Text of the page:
Embodying a much earlier version of a "cult of efficiency" (Callahan, 1962) that was born of the industrial revolution in the United States, the conceptual framework that the metaphor of education as production provides includes reference to the roles, lexicon, and the actions and interactions of the 19th century business of production-the manager, the factory worker, "the sorting machine" (Spring, 1976). Critics coined the metaphor, a school is a factory (see Bullough, 1988; Schlechty, 1991), to illuminate how, during the early 19th century, urban schools in particular "came to be viewed as institutions to be managed and a set of educational experiences to be organized" (Schlechty, 1991, p. 21). Within these institutions, "school leaders, like the industrial leaders they looked to as models and guides, sought the Holy Grail of scientific management" (Schlechty, p. 21). By the 1850s public discussion about educational policy illustrated the "complete acceptance of the industrial model by educators" (Schlechty, p. 21). The graded school that was conceptualized at that time "was to be one of the chief tools used in the process of manufacturing good Americans" (Schultz, 1973, p. 131).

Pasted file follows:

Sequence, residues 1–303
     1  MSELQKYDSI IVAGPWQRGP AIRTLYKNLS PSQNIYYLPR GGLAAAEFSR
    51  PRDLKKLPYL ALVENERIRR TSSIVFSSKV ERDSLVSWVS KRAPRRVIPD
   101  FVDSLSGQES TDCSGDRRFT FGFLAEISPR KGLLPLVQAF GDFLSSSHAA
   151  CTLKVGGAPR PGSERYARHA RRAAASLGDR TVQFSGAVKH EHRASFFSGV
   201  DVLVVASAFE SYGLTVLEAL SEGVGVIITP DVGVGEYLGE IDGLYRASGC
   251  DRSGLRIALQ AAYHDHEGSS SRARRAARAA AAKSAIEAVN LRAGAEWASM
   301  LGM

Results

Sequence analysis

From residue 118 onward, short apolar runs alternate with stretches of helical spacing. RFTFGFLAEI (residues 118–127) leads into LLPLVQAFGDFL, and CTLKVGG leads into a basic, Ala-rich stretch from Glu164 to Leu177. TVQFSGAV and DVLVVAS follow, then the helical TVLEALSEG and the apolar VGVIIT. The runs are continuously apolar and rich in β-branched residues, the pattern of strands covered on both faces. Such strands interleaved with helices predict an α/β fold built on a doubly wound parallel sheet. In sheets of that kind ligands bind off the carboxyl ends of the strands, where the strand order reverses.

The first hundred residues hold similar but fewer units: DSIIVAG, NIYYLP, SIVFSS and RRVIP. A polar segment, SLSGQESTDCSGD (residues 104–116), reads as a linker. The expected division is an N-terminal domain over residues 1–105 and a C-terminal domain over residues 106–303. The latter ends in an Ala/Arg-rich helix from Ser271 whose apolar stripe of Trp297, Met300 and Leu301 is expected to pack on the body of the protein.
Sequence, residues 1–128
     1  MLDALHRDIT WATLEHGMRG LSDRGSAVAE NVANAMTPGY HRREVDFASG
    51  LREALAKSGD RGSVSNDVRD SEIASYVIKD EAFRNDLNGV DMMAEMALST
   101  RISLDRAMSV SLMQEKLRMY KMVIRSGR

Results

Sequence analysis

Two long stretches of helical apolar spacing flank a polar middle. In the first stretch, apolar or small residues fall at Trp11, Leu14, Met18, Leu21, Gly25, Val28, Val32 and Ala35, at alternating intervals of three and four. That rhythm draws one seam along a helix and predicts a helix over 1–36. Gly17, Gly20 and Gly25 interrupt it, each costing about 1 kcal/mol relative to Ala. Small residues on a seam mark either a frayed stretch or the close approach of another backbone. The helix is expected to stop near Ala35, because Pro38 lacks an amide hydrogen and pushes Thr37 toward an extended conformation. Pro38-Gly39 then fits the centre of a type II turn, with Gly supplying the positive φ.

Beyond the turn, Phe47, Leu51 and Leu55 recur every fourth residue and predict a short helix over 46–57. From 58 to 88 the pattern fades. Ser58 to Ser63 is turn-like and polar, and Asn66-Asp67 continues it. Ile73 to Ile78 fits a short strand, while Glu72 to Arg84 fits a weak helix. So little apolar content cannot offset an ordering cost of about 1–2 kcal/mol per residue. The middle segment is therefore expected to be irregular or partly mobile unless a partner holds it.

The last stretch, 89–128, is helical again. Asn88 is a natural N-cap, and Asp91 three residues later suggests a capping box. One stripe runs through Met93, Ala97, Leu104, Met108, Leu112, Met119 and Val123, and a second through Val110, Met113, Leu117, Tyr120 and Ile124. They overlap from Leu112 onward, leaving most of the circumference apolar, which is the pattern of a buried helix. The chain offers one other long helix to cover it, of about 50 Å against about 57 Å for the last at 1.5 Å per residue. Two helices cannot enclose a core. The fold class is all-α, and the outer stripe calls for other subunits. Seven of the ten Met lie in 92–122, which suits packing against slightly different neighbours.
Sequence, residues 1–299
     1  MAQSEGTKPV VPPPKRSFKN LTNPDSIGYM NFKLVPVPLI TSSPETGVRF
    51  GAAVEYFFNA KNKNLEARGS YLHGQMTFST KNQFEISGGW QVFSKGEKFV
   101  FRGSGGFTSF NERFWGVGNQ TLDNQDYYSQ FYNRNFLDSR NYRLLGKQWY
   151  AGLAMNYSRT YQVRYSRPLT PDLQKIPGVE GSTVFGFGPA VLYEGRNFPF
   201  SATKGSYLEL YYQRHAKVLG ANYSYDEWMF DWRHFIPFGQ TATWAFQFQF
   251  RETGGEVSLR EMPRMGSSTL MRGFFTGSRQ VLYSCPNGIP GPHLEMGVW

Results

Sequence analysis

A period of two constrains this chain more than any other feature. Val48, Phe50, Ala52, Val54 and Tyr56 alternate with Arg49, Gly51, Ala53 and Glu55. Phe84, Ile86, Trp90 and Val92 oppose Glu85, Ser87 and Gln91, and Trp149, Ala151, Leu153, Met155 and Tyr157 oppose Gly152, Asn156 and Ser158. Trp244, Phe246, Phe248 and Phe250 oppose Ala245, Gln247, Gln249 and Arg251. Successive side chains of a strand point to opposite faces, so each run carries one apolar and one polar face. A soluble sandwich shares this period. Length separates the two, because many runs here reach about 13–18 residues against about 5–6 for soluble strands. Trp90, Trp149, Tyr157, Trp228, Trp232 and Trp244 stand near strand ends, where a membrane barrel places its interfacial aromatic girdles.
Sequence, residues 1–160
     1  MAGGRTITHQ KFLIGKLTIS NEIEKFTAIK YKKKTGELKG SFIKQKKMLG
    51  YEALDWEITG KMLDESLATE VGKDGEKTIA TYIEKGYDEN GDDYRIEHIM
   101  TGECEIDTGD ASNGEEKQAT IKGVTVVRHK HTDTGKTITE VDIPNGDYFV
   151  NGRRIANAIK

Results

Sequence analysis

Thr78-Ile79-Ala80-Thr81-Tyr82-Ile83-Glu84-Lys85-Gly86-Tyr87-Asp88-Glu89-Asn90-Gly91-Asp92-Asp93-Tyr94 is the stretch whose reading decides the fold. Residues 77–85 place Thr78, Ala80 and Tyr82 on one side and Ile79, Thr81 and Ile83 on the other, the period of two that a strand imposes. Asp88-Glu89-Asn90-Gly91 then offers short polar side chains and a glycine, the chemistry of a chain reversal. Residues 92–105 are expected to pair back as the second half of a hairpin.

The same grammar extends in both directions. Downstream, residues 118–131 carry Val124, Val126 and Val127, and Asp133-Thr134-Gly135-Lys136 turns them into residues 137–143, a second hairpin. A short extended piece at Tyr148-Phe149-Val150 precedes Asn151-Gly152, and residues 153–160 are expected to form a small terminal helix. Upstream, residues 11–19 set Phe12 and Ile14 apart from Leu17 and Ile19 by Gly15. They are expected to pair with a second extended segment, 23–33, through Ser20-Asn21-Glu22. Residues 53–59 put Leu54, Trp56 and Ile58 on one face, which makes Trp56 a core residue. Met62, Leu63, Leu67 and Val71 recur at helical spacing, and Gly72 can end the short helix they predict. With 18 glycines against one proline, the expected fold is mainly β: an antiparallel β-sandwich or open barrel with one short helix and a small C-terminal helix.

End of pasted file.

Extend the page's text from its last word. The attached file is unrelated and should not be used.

Within this manufacturing process, curriculum is "an assembly line down which students go" (Schlechty, 1991, p. 42) and students are "products to be molded, tested against common standards, and inspected carefully before being passed on to the next workbench for further processing" (Schlechty, p. 21). Such a concept of school led to "reductionistic, 'parts-catalog' approaches to teaching and learning" (Zehm, 1999, p. 43). This "bureaucratic model" (Kliebard cited in Pinar, 1978) is characterized by, among other things, its "allegiance to behaviourism and what Macdonald has termed a 'technological rationality"' (Pinar, 1978, p. 205). Obsessed with efficiency and scientific management, both educators and the general public not only embraced but also idealized production as the model for education. The metaphor "pervaded the larger culture" (Perrone, 2000, p. 30) and continues to do so, as evidenced by the increasingly frequent imposition on students of standardized tests (Kohn, 2000). Within the conceptual framework of education as production, teachers can be cast as workers, as machines themselves, or as managers. When a teacher is a factory worker, she is "not very skilled, not very insightful, and, within the context of 'real' professions such as law and medicine, not very bright" (Schlechty, 1991, p. 23).